Fusion Drive vs. external thunderbolt hard drives

Discussion in 'iMac' started by Simonmiller, Oct 31, 2012.

  1. macrumors member

    Joined:
    May 1, 2005
    Location:
    Belfast, UK
    #1
    Hi,

    I'm upgrading my old 24" iMac to a 27" when the new ones are released, and was planning on getting the 3TB Fusion Drive version.

    However perusing the threads here it seems like a lot of you seem to be going for an external HDD solution for media, images, documents etc. and an SSD drive in the iMac itself. I'm just wondering what the benefit of doing it that way is apart from more control over where specific files are stored?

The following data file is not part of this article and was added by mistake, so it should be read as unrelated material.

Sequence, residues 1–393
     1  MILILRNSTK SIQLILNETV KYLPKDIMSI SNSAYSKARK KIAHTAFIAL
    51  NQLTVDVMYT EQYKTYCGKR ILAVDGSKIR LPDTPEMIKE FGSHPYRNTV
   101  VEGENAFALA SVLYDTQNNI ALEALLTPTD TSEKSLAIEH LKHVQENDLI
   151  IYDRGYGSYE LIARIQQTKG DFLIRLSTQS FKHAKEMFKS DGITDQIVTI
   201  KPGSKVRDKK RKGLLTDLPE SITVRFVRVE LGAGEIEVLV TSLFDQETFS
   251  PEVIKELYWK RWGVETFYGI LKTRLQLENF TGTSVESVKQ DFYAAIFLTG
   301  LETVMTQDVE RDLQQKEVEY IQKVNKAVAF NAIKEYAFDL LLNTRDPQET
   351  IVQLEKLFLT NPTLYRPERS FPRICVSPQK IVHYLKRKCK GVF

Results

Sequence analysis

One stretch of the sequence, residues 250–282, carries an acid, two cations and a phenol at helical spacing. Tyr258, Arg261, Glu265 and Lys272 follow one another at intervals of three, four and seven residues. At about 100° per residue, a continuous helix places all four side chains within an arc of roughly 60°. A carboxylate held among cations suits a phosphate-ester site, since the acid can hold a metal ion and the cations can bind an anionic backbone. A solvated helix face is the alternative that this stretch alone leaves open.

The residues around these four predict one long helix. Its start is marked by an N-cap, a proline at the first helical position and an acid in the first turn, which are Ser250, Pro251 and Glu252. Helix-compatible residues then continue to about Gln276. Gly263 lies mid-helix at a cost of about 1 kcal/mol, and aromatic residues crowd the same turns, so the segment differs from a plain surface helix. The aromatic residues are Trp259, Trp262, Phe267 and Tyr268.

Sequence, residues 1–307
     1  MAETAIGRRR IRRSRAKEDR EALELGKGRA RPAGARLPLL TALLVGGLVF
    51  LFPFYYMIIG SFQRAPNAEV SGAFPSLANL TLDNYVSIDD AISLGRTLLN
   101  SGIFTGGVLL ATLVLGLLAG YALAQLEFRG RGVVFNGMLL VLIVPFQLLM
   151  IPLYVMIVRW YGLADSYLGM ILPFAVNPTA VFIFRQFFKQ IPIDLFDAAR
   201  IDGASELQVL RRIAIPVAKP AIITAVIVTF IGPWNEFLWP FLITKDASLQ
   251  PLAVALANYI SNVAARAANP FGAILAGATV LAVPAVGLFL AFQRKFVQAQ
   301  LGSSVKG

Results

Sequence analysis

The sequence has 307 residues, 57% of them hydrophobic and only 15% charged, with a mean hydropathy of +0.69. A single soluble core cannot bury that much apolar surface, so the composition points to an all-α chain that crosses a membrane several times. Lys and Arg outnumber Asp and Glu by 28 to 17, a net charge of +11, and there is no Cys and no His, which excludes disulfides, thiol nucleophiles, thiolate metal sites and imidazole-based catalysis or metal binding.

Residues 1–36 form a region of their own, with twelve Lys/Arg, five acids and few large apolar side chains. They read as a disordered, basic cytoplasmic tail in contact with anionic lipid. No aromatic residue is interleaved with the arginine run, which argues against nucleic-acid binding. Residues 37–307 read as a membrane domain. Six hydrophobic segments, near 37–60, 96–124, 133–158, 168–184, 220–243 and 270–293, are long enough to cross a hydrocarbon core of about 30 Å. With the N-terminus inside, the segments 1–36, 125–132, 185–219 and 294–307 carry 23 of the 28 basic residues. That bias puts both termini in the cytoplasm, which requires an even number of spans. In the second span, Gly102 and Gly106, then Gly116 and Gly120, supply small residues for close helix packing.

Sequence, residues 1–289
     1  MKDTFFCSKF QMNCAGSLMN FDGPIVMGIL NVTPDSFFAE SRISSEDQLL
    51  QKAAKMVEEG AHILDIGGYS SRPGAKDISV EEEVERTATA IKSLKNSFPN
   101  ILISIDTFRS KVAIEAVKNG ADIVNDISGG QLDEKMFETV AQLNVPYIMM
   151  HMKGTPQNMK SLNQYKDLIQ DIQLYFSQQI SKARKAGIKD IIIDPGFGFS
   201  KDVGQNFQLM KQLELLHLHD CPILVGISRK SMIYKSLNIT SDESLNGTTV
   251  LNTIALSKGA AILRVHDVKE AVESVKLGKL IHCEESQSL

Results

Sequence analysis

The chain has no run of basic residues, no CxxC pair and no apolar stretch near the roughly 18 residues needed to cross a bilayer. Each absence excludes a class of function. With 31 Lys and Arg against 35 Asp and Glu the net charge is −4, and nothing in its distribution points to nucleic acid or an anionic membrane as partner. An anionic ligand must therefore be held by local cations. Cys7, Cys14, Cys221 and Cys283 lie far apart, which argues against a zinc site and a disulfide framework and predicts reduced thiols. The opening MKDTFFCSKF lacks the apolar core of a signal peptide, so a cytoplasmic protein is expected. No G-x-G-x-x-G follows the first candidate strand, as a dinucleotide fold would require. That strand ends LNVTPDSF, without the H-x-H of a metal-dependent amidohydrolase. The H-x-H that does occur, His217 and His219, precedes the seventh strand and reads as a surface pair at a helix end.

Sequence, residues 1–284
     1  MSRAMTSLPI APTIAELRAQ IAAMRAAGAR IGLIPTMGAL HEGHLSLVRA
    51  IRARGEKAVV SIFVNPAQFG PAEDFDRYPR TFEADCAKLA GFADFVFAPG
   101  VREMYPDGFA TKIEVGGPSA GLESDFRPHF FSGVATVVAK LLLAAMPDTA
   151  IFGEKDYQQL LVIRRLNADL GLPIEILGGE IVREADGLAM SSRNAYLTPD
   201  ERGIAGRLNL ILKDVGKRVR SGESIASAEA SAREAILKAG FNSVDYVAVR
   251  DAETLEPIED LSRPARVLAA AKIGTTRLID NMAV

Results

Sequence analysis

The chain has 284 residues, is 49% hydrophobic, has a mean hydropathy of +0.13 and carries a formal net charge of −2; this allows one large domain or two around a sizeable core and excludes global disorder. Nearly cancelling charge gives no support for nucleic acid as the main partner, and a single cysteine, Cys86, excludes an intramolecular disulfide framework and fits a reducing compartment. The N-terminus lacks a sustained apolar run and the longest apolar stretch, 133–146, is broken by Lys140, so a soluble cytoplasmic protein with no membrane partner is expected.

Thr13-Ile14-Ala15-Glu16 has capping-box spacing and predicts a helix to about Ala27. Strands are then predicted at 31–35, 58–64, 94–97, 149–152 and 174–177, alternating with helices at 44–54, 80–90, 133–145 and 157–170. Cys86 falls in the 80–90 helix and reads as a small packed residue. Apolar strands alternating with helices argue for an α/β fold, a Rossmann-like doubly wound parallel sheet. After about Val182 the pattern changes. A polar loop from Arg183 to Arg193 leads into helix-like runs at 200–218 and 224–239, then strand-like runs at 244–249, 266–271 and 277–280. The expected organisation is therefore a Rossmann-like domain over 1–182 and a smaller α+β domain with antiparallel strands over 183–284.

I've been looking at possibilities for storing media like the Western Digital 6TB Thunderbolt Duo, but another back up solution isn't really that important to me as I already back up to both a Time Capsule and an online service (Crashplan). At the moment I only have about 1TB of media files, so I'm guessing 3TB would last me a while.

    The only other file requirement I have is to stream files from my iMac to my Apple TV.

    So any thoughts? What would you do in my position? Thanks in advance for any advice!
     
  2. macrumors member

    Yeroon

    Joined:
    Jun 12, 2012
    #2
    I'm currently using a MacBook Air (128 GB) with 6 TB storage (3 TB RAID1) via Thunderbolt. I will do the same with the new iMac, preferably with a 256 or 512 GB SSD.

    As I have 2,5 TB of data (photos & videos) this setup is a must for me. And as I want to store my photos and videos in the home folder, I moved my home map to the Thunderbolt storage. This way the SSD will have the OS and programs and the Thunderbolt drive will have the other data.